• A prominent category of constituents in biochemical networks is proteins encoded by duplicate genes, also termed paralogs [ 6 ]. (biomedcentral.com)
  • Proteins of duplicate genes are thus abundant in biochemical networks. (biomedcentral.com)
  • In this model, multiple fungal signal transduction pathways are activated by its nematode prey to further regulate downstream genes associated with diverse cellular processes such as energy metabolism, biosynthesis of the cell wall and adhesive proteins, cell division, glycerol accumulation and peroxisome biogenesis. (prolekare.cz)
  • The Saccharomyces cerevisiae PAH1-encoded phosphatidate phosphatase (PAP) catalyzes the penultimate step in the synthesis of triacylglycerol and plays a role in the transcriptional regulation of phospholipid synthesis genes. (semanticscholar.org)
  • Bender A, Pringle JR. Use of a screen for synthetic lethal and multicopy suppressee mutants to identify two new genes involved in morphogenesis in Saccharomyces cerevisiae. (pubmedcentralcanada.ca)
  • One of the MAPK-regulated genes is PGU1 , which encodes a secreted enzyme that hydrolyzes polygalacturonic acid, a structural barrier to microbial invasion present in the natural plant substrate of S. cerevisiae . (pnas.org)
  • We present evidence that the Cdc28 protein kinase is also required for mitosis and that this function is executed in the G2 interval of the cell cycle. (pnas.org)
  • In cells that cannot polarize the actin cytoskeleton or form a bud, mitosis is delayed due to a checkpoint control pathway that inhibits Cdc28. (searlescholars.net)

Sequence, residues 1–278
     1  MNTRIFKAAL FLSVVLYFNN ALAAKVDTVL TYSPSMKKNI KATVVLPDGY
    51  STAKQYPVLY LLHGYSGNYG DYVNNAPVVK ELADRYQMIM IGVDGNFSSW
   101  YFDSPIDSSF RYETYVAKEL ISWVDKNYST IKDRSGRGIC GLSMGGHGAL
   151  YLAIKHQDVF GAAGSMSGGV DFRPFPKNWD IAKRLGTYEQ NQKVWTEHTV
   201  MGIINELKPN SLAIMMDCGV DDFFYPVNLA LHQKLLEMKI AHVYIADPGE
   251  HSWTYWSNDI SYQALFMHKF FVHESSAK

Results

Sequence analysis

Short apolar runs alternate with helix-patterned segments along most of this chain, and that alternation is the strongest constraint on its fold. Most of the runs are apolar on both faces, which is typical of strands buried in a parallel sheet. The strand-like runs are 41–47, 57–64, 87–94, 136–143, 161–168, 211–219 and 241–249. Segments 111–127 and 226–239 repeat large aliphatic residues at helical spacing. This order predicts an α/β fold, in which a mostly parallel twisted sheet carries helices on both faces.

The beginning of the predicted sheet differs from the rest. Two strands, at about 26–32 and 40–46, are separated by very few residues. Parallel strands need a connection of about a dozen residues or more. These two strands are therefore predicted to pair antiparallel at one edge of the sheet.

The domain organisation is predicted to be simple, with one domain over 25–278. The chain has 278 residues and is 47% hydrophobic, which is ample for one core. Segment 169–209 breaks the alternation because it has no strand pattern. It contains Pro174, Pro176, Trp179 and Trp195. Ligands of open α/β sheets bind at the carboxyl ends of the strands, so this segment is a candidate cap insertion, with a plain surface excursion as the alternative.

• En este trabajo aportamos pruebas que demuestran que en algunos mutantes MEN ("mitosis exit network") el ciclo celular no se detiene en la transición anafase-telofase. (isciii.es)
  • This review summarizes what we currently understand about how the action of septin-associated protein kinases and their substrates control information flow to drive the cell cycle into and out of mitosis, to regulate bud growth, and especially to direct timely and efficient execution of cytokinesis and cell abscission. (frontiersin.org)
  • Polo-like kinases (Plks) are known to play critical roles in controlling both mitosis and cytokinesis. (asm.org)
  • A single Plk homologue in T. brucei , Tb PLK , was found to be capable of complementing the Plk (Cdc5) functions in Saccharomyces cerevisiae , thus raising the question of how it may function in the trypanosome with cytokinesis dissociated from mitosis. (asm.org)
  • One such protein that plays a crucial role in both mitosis and cytokinesis is polo-like kinase (Plk). (asm.org)
  • Inactivation of Cdc28 following cyclin destruction in mitosis triggers redistribution of cortical actin structures to the neck region for cytokinesis. (rupress.org)
  • The same year, Wagenaar analyzed the timing of synthesis of proteins required for mitosis in the early cell cycles of sea urchin embryos ( Wagenaar, 1983 ), extending previous reports that puromycin added at the time of fertilization prevents the first division ( Hultin, 1961 ). (biologists.org)
  • Berlin V, Styles CA, Fink GR. BIK1, a protein required for microtubule function during mating and mitosis in Saccharomyces cerevisiae, colocalizes with tubulin. (pubmedcentralcanada.ca)
  • Earnshaw WC, Mackay AM. Role of nonhistone proteins in the chromosomal events of mitosis. (pubmedcentralcanada.ca)
  • Breitkreutz A, Boucher L, Breitkreutz BJ, Sultan M, Jurisica I, Tyers M (2003) Phenotypic and transcriptional plasticity directed by a yeast mitogen-activated protein kinase network. (springer.com)
  • This induced interaction depends upon the Fus3 protein kinase, a mitogen-activated protein kinase homolog that functions near the bottom of the alpha-factor signal transduction pathway. (cshl.edu)
  • Thus, we trace a path through which a mitogen-activated protein kinase regulates a Cdc2 kinase. (cshl.edu)
  • Despite the importance of mitogen-activated protein kinase (MAPK) signaling in eukaryotic biology, the mechanisms by which signaling yields phenotypic changes are poorly understood. (pnas.org)
  • Mitogen-activated protein kinase (MAPK) signal transduction cascades play crucial roles in both normal and abnormal eukaryotic development. (pnas.org)